Breakfast talk, April 19, 1996
Hell and the Devil.
At the end of January, our minister Craig in a children's sermon on the Apostles' Creed mentioned John Calvin, the founder of Presbyterianism, inserted the curious phrase, "He descended into Hell." This caused a stir so Jack Howard asked me if I would speak today about Hell and The Devil. Who better to ask than a guilt-ridden Jewish Christian Presbyterian.

The phrase, "He descended into Hell," was dropped out of the Apostle's Creed by Martin Luther, who felt Jesus was too holy to go into Hell. Craig taught the children this statement was reinserted by Calvin to show that humans need never have fear. Jesus has overcome every possible human experience on our behalf. Even Hell.

And of course, we can't speak of Hell without the Devil. I want to thank Jack for this provocative subject. Studying Hell and the Devil is tough going during Lent. But now Easter's happened. It will be enough this morning to scratch the surface of the Underworld.

So, where is Hell? Is it down there, under the magma below the earth's crust? Is it just a bogeyman idea to scare young Catholics into obeying the Sisters? Most of us either have a childlike idea of Hell, or more likely, we don't think about Hell at all now that we are grown-ups leading Christian lives more or less as best we can.

So, what is Hell? Is Hell is a physical place with dimensionality , or is Hell a spiritual place, or maybe just an idea, or if it does exist, it's outside our ability to understand it. Is it the flip side of Heaven? Let's take the scientific view. In Biblical terms, this is the Wisdom approach. 1 Corinthians 22, Paul said, Jews demand miraculous signs and Greeks look for wisdom, Let's leave aside the Jews looking for signs for a moment, and focus on the Greeks seeking wisdom. Wisdom in this sense is logic and scientific inquiry. This morning we'll seek both as Greeks and as Jews.

Thomas Cahill, who you remember from "How the Irish Saved Civilization, has a new book called, "The Gifts of the Jews." Cahill describes Sumerian pagan concepts of heaven and Hell in Abraham's time. The motion of stars, sun and moon led the ancients to the concept of a great dome above a flat circular earth. They did not have the idea of time as a forward movement which an individual can alter. Cahill thinks that idea was one of the gifts of the Jews. The pagans thought of time as cyclical. It just came around again and again. The gods controlled all. Man was just to do business and propitiate the gods. Fit in and don't fight destiny. Death was seen as a place under the earth. An underworld. The grave was still, at the center of the wheel-like movement of the earth and heavens. This concept of the grave moved forward in early Jewish thought to Sheol, or, in Greek, Hades. This is a place of death, and possibly, of waiting.

From the scientific point of view we can look at Hades, or this early version of Hell, as an end of the law of entropy. Newton's Laws of Thermodynamics assert everything moves from complexity to simplicity. That is, things run down. Iron rusts, flowers wither, corpses break down to elements, the universe may implode in the big crunch. Life, of course, is a defiance of entropy. Through some mysterious initial big bang, life began as a movement to complexity. The corruption, or destruction of the grave is the entropic place where the Sadduccees of the Old Testament thought we would end up. Pharisees, on the other hand believed we would somehow come out of the destruction of Sheol, and have a life after death. Which, of course, is what Jesus life, death and resurrection promises. And if there is an eternal life after death, and there is Heaven, there must be a place for the unrighteous to go.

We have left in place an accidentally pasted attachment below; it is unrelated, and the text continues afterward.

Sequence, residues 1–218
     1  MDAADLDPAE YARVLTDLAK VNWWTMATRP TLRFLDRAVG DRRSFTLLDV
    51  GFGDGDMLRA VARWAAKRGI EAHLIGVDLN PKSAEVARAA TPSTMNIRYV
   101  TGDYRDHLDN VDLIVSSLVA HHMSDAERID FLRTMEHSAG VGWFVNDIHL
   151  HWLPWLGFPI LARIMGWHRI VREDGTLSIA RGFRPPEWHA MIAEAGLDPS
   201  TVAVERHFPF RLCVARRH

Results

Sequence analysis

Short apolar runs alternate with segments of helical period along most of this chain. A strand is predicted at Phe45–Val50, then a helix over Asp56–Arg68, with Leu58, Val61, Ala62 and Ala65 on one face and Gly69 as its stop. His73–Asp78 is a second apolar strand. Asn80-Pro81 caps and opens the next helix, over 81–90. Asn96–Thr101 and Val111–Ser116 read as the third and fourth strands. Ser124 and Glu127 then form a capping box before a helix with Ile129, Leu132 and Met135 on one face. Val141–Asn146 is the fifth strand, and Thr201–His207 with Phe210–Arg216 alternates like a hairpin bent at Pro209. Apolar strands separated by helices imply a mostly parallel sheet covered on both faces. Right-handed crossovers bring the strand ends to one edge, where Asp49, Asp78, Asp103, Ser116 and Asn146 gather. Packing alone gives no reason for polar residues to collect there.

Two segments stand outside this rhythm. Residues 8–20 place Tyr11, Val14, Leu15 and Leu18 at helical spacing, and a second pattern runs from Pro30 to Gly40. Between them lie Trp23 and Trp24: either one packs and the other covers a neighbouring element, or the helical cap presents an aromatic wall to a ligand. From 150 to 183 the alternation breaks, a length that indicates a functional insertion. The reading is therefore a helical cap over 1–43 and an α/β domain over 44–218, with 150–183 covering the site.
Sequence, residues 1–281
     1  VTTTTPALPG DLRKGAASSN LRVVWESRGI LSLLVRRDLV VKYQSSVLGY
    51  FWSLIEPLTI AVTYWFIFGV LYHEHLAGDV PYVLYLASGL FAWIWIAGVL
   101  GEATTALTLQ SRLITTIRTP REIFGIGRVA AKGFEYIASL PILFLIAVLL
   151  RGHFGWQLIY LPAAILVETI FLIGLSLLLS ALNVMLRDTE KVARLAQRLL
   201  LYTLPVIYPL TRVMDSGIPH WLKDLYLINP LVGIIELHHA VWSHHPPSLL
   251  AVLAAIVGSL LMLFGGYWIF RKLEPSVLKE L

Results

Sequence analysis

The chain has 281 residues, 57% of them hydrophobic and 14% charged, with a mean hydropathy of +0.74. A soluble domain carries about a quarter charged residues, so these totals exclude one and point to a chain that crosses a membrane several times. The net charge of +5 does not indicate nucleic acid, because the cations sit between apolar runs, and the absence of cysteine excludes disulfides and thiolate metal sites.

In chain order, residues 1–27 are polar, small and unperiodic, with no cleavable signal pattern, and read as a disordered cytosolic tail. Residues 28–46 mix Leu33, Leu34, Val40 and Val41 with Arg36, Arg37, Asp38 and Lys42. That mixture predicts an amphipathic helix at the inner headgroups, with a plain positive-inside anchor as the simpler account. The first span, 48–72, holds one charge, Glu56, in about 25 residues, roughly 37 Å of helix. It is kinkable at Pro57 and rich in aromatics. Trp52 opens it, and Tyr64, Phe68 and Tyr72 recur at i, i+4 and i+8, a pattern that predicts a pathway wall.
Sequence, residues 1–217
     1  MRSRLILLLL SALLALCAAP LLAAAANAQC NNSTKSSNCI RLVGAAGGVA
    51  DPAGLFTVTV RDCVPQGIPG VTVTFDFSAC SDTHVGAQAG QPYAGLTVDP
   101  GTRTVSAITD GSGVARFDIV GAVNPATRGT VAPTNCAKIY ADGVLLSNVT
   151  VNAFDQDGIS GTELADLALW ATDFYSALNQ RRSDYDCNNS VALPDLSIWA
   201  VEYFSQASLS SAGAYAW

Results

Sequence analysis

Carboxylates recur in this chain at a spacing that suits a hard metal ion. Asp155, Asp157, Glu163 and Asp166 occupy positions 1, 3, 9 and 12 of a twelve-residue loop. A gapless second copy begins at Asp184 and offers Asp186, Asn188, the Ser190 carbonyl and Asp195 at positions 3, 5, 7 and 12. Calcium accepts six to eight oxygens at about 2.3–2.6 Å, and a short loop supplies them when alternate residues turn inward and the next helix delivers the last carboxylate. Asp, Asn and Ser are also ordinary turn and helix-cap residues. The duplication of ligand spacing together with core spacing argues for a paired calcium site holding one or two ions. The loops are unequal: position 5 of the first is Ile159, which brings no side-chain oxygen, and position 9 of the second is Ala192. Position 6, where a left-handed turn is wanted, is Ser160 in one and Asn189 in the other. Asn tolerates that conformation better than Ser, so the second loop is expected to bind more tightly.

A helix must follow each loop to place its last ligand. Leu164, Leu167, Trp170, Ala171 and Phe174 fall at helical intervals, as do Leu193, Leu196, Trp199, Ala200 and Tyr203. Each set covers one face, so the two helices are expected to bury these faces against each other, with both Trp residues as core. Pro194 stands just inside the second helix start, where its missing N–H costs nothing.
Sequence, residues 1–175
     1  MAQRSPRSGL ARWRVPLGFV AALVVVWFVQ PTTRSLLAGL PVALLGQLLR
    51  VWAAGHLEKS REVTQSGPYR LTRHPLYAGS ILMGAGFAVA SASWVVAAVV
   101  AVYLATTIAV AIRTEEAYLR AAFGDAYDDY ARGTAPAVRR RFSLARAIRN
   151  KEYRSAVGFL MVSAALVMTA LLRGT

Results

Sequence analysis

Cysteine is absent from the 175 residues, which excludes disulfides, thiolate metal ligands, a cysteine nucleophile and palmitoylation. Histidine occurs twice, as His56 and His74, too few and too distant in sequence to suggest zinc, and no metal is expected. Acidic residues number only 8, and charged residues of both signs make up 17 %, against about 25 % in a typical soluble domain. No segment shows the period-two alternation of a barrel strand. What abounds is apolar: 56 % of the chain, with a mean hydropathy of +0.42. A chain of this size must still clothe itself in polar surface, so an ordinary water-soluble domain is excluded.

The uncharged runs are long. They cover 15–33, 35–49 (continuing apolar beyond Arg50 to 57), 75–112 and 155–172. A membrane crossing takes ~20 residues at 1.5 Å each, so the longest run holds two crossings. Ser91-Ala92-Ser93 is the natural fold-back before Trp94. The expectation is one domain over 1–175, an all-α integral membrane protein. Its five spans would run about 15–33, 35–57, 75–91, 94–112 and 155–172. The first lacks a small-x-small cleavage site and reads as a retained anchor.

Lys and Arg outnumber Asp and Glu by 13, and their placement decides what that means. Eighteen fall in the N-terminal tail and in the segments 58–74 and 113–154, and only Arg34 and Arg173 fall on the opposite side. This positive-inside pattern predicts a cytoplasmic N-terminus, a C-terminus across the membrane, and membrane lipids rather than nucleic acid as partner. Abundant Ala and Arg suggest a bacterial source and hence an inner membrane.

So, the early view of Hell is destruction, the abyss, the grave, nothingness, rest, waiting, corruption. Here, the body is no more, and the soul or spirit waits. However, in the inter-testament time, this concept of Hades changed. Hell developed as a place of torment. Payback.

Before we develop Hell, however, we should give the Devil his due. There is not much mention of the Devil, or Satan, in the Old Testament. He is referred to most famously as the serpent who either tempted, or had intercourse with Eve in gan eden. Satan in the Old Testament is The Accuser. Or the Adversary. He has many names. Satan, Belial, Beelzebub, Mastema, Samael, The Old Enemy. Isaiah calls him an angel of light, and because of rebellion, this angel, the Devil and a third of all the angels were cast down from Heaven. Depiction of Satan in the book of Job gave rise to the concept of the devil, not as an enemy of God, but as God's agent, in subjection to God, who performed a TESTING or PROVING function with humans. We hear reference to this idea today in the Lord's Prayer. paraphrase, "Do not lead us into temptation -or testing - but deliver us -from the dark side of our nature -from evil actions and desires. "

In the New Testament, the devil, demons, and Satan take on a more prominent role. For flavor, here is Revelation 12:7:
"And there was war in heaven: Michael and his angels fought against the dragon; and the dragon fought and his angels,
And prevailed not; neither was their place found any more in heaven.
And the great dragon was cast out, that old serpent, called the Devil, and Satan, which deceiveth the whole world: he was cast out into the earth and his angels were cast out with him."

The Devil is very prominent in the Gospels and the Letters. In fact the whole New Testament is cast as a war against the Devil and evil.
Ephesians II "Put on the full armor of God so that you can take your stand against the devil's schemes.